Fifth Growth: Grand Cru Classe in 1855
73% Cabernet Sauvignon; 27% Merlot

Chateau d’Angludet
45% Cabernet Sauvignon; 43% Merlot; 12% Petit Verdot

2019 Chateau Cantenac Brown
68% Cabernet Sauvignon; 32% Merlot


Haut-Médoc accounts for two-thirds (about 60 km) of the Médoc. The area is defined by layers of gravel determinately from the Garonne, and hilltops made up of pebbles and gravel cemented by clay-rich sands. This prime position ensures that the vines get better sunlight, and the soils drain well.

2019 Chateau Belgrave Dourthe
62% Cabernet Sauvignon; 35% Merlot; 3% Petit Verdot

French red wine at wine trade tasting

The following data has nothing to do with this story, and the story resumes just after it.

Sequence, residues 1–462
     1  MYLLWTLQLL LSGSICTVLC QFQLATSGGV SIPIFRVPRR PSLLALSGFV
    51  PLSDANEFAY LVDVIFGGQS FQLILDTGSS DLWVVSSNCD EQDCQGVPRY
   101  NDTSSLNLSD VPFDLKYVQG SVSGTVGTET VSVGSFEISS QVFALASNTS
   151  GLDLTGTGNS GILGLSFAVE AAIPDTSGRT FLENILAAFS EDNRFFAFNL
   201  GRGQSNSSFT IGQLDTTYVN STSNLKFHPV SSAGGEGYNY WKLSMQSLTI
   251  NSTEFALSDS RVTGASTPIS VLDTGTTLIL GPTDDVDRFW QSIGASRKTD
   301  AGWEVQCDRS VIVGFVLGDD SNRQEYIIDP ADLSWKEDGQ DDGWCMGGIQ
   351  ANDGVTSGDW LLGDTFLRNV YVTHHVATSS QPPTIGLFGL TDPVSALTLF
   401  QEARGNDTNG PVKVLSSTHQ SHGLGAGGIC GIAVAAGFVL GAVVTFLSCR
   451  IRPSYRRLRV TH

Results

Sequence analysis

Chateau La Lagune 2019
60% Cabernet Sauvignon, 35% Merlot and 5% Petit Verdot


Some of the best sweet wines in the world come from Sauternes. The soil is a combination of gravel and pebble on limestone with clay veins. To further understand these wines, it is imperative to understand the area’s weather, Botrytis cinerea (Noble Rot), and how the grapes are harvested.

Sauternes wine bottle
Chateau Sigalas Rabaud
First Growth. Premier Cru Classe in 1855
95% Sémillon, 5% Sauvignon Blanc

Chateau La Tour Blanche
First Growth. Premier Cru Classe in 1855
95% Sémillon, 9.5% Sauvignon Blanc, 0.5% Muscadelle

The Right Bank


Pomerol is located on the pilgrim road to Santiago de Compostela (Camino de Santiago). The terroir is a gravelly and sandy rock surface mixed with iron oxides called “crasse de fer.”

2019 Chateau La Pointe
76% Merlot; 24% Cabernet Franc

Pomerol red wine

2019 Chateau Beauregard
70% Merlot; 30% Cabernet Franc